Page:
My write-up of the first of these two books, Sailing to Sarantium, has attracted more comments than any other book blog entry this year. I ended it by wishing that I had bought the sequel at the same time. I repeat that wish now. The two books are so closely intertwined that it's a shame to let the memory of one fade before you start the other. (Perhaps I have a bigger problem with this than some people, given that it was about a hundred books ago for me.) Anyway, like its predecessor, this book is simply a triumph.
But with a difference. Where Sailing to Sarantium stuck fairly closely to the history of our world, in particular the story of Justinian, Theodora, Belisarius and the Hagia Sophia, Lord of Emperors starts by nibbling away at the edges, and then abruptly and brutally swerves into its own timeline a bit over half way through. Suddenly, it all is up for grabs. Viewpoint characters die horribly. Any certainty we had is lost. I think that even if you don't know anything about Byzantium, it's a dramatic development on a par with George R.R. Martin's A Game of Thrones. But if you do know what is "supposed" do happen, the impact is incredible.
But the historical knowingness is not what makes this a great book. (And I add to that historical knowingness the accelerated appearance of Kay's versions of the rise of Islam and a specific spoilerish Christian controversy, brought into the novel for justifiable plot reasons respectively about a century and about two centuries too early.) The overall title of the series is The Sarantine Mosaic, and this is not only a reference to the grand work of art which Caius Crispius is brought to Sarantium to construct, but also surely a reference to the way the books are built up from little pieces - a progression of tight-third-person narratives (some crucial characters to the plot, some purely incidental) - within the overall structure of a framing plot, most of which in Lord of Emperors takes place in the course of two intricately and intimately described 24-hour periods, two days which illuminate the book's structure like the mosaics on either side of an orthodox church.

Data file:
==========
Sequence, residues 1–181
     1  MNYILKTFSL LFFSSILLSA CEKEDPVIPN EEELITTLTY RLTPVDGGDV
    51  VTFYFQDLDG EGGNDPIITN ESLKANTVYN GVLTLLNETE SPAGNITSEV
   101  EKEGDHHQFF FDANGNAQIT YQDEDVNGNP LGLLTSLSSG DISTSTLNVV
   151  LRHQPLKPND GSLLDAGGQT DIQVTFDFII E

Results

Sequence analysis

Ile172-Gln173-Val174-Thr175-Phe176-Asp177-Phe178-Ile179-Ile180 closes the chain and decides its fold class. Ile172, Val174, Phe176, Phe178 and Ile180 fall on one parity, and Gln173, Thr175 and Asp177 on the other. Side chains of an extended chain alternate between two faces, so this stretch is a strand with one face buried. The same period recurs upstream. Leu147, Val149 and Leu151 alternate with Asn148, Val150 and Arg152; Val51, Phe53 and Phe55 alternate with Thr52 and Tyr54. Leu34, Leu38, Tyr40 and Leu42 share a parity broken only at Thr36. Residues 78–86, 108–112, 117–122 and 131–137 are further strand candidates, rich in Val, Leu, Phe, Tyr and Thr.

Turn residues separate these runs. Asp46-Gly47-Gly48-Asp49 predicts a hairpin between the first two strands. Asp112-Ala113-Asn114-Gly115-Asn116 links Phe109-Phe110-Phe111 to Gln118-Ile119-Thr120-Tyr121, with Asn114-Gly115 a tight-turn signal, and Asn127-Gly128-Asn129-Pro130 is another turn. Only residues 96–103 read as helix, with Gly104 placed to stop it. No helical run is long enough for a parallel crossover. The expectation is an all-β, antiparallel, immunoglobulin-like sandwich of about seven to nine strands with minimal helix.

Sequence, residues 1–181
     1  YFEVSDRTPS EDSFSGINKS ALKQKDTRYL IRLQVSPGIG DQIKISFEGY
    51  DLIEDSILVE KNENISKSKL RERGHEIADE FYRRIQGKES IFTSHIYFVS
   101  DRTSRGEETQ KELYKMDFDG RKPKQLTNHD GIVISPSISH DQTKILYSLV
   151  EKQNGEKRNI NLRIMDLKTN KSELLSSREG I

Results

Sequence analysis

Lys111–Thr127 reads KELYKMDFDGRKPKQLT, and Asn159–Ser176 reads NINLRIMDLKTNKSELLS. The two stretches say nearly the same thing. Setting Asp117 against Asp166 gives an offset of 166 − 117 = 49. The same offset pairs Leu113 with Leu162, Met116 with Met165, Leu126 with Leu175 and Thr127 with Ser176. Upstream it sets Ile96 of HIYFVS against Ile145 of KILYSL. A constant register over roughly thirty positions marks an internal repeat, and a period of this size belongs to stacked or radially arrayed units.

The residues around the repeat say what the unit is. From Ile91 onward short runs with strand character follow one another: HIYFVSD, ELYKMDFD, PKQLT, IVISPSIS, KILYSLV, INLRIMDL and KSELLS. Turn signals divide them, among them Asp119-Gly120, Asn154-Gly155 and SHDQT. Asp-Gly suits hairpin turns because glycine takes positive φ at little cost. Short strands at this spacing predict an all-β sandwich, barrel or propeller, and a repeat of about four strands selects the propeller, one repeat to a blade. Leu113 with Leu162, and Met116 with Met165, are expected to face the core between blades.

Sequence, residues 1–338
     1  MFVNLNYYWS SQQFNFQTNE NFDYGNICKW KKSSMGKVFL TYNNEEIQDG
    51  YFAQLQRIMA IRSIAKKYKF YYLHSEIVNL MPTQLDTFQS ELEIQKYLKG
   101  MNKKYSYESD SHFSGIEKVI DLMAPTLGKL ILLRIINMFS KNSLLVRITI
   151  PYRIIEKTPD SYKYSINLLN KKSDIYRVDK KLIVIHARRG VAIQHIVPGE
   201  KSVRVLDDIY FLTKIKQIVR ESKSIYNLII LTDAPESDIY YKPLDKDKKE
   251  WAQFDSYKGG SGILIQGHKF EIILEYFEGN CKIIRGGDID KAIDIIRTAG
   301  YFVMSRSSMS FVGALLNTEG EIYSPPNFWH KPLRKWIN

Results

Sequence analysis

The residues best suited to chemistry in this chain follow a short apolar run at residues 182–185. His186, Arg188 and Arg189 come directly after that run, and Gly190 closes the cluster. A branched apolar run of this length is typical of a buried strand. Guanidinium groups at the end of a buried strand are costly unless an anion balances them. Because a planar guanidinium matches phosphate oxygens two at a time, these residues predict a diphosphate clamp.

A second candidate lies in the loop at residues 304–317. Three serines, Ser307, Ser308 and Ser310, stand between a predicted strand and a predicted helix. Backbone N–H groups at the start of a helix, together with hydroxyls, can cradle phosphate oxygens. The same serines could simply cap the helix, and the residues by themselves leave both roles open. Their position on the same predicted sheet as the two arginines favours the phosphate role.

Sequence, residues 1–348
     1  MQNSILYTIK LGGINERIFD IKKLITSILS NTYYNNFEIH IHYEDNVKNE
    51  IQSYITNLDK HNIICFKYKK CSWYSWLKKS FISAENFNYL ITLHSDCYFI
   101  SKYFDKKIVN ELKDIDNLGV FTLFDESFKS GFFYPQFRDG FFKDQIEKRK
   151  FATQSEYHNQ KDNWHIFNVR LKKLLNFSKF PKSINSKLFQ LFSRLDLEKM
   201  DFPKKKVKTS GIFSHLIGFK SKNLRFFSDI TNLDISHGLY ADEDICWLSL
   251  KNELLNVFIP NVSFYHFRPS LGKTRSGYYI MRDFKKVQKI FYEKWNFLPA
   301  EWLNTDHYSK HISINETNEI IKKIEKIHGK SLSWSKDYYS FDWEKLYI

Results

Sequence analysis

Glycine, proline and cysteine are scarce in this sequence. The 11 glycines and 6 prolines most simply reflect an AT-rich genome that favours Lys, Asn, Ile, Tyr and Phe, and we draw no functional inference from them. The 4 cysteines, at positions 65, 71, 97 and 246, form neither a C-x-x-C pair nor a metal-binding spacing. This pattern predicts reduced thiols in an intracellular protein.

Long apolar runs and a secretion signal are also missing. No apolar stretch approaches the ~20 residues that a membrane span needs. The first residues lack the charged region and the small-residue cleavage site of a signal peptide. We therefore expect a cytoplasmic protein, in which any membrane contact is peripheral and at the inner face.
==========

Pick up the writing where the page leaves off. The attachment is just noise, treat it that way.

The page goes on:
And apart from fantastic characters, desperate sex, Machiavellian politics, and an unforgettable chariot race, the book - indeed both books - are a deep reflection on the place of art in life, and how some are called to it, some respond to it, and some reject it. A couple of people, responding to my earlier review, said they felt the ending of Lord of Emperors was a bit of a let-down. I agree that the emotional place where the key characters end up has been signalled too far in advance to retain the dramatic momentum which Kay probably intended. But read it again, and look at what he is saying about art and the artist. And then look at the work that inspired him. I don't think you will remain unmoved.